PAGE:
Securities and Exchange Commission Chairman Mary Schapiro has been taking some heat because the agency allowed David Becker, a former SEC general counsel, to help develop policy regarding compensation for the victims of the Bernard Madoff Ponzi scam should be compensated even though Becker was someone who benefited from the scheme. SEC Inspector General H. David Kotz has asked the Justice Department to look into whether Becker violated any laws as a result and whether criminal charges should be filed.
At a House hearing this week, Becker testified that SEC ethics officials told him that there was no conflict of interest preventing him from taking on this task. Attendees at the hearing criticized Schapiro for letting Becker participate in establishing compensation policy even though he had inherited his own Madoff account. Schapiro has already admitted that she was wrong in allowing him to stay involved.
Some lawmakers believe that Becker’s participation in this type of policy planning is just one more incident that has caused the public to lose faith in the SEC, which didn’t even realize for almost 20 years that Madoff had been running a multibillion-dollar scam. They are now raising questions about leadership within the agency, the ability of SEC senior management to make decisions, and possible flaws in the Commissions procedures and policies as they apply to ethical matters.
On Tuesday, Kotz issued a report stating that Becker took part “personally and substantially” in matters in which he had a financial interest. Also per his report, Kotz said that the ex-General Counsel had recommended to commissioners that they put into place a policy that would value Madoff clients’ claims in a manner that would have restricted the court-appointed trustee’s power to sue Ponzi scheme beneficiaries to get back fictitious profits. Becker is one of those beneficiaries.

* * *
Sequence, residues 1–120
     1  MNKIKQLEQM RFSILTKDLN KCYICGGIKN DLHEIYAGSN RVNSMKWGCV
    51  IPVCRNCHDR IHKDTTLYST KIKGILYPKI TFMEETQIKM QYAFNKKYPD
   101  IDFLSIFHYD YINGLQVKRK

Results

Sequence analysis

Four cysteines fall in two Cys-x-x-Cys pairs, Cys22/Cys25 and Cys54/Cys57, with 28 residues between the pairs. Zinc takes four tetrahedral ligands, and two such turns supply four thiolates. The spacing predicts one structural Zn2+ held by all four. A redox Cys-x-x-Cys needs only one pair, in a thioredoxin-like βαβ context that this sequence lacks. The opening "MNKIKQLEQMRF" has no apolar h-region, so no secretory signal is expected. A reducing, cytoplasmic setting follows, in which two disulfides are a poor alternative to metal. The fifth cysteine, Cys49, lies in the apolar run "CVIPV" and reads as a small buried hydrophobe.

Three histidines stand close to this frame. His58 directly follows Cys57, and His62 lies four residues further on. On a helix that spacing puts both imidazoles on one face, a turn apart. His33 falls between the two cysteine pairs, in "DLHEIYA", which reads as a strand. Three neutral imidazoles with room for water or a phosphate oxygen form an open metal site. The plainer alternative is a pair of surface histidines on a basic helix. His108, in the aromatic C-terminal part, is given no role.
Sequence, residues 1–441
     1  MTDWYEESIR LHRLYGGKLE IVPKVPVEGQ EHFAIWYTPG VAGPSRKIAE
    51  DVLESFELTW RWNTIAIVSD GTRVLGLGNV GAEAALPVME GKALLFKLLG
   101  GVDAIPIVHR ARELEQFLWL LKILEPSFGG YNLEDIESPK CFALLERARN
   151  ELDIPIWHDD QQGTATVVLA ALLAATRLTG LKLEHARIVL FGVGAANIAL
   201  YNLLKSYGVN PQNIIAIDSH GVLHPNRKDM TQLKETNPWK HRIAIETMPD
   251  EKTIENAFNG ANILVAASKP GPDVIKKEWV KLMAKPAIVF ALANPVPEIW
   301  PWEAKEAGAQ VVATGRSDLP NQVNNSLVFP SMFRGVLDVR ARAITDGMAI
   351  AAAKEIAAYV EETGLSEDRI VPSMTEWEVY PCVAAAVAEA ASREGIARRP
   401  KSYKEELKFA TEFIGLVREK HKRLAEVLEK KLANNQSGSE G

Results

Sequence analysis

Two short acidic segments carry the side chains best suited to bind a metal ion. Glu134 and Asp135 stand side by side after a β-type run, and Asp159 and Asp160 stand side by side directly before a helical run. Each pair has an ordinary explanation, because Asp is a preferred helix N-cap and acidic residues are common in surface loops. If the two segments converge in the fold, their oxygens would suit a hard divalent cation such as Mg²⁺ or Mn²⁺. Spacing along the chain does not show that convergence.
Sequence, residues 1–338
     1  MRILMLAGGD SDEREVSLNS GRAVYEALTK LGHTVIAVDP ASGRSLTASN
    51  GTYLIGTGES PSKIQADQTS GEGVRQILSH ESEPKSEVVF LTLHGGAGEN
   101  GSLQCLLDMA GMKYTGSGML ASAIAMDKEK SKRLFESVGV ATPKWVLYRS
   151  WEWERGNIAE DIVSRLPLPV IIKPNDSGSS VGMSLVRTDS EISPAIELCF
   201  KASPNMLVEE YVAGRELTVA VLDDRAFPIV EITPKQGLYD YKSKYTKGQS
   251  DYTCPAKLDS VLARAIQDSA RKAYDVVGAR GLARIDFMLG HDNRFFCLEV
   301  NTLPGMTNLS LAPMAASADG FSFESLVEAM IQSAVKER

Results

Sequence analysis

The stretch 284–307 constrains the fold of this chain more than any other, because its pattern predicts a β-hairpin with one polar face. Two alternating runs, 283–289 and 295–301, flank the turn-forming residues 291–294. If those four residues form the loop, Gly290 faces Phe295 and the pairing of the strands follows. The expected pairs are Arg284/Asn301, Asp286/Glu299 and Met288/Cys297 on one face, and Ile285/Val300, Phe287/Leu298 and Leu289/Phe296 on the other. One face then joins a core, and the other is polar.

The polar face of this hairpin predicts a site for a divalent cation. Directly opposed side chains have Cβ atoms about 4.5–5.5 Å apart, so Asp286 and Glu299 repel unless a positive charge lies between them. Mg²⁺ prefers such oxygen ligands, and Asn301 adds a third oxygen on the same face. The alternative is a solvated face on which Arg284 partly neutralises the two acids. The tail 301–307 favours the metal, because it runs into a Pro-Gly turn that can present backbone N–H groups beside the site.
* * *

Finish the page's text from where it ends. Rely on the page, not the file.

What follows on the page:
Earlier this year, the trustee, Irving Pickard, filed a lawsuit against Becker and his siblings contending that about $1.5 million of the money in their mom’s account was a bogus profit that should go tot the fund designated to pay back victims of Madoff’s Ponzi scam. Becker, who maintains that he never considered there to be a conflict of interest (he says that on two occasions, the ethics committee even advised him that this was correct) said that if he knew then that the trustee would sue him later he would have recused himself from working on the compensation policy.
According to Reuters, while some lawmakers don’t believe that Becker broke any laws, many are wondering why he didn’t decide on his own to not get involved in Madoff-related SEC matters.
Bernard L. Madoff Investment Securities LLC’s multibillion-dollar Ponzi Scam, which cost investors billions, wasn’t discovered until the end of 2008. Madoff has been sentenced to 150 years behind bars.
SEC head under fire as ex-official says he got OK, Chron.com, September 23, 2011
Some lawmakers doubt ex-SEC lawyer broke the law, Reuters, September 22, 2011
More Blog Posts:
Madoff Trustee Files Securities Lawsuit Against Safra National Bank of New York Seeking to Recover Almost $111.7M for Ponzi Scam Investors, Institutional Investor Securities Blog, May 12, 2011
Texas Congressmen Seek Answers from SEC Chairwoman Regarding Conflict of Interest Related to Madoff Debacle, Stockbroker Fraud Blog, March 8, 2011
Madoff Investors Who Were Victims of “Ponzi” Scam Contact Securities Fraud Law Firm Shepherd Smith Edwards & Kantas LTD LLP to Explore Recovery Options, Stockbroker Fraud Blog, December 17, 2008
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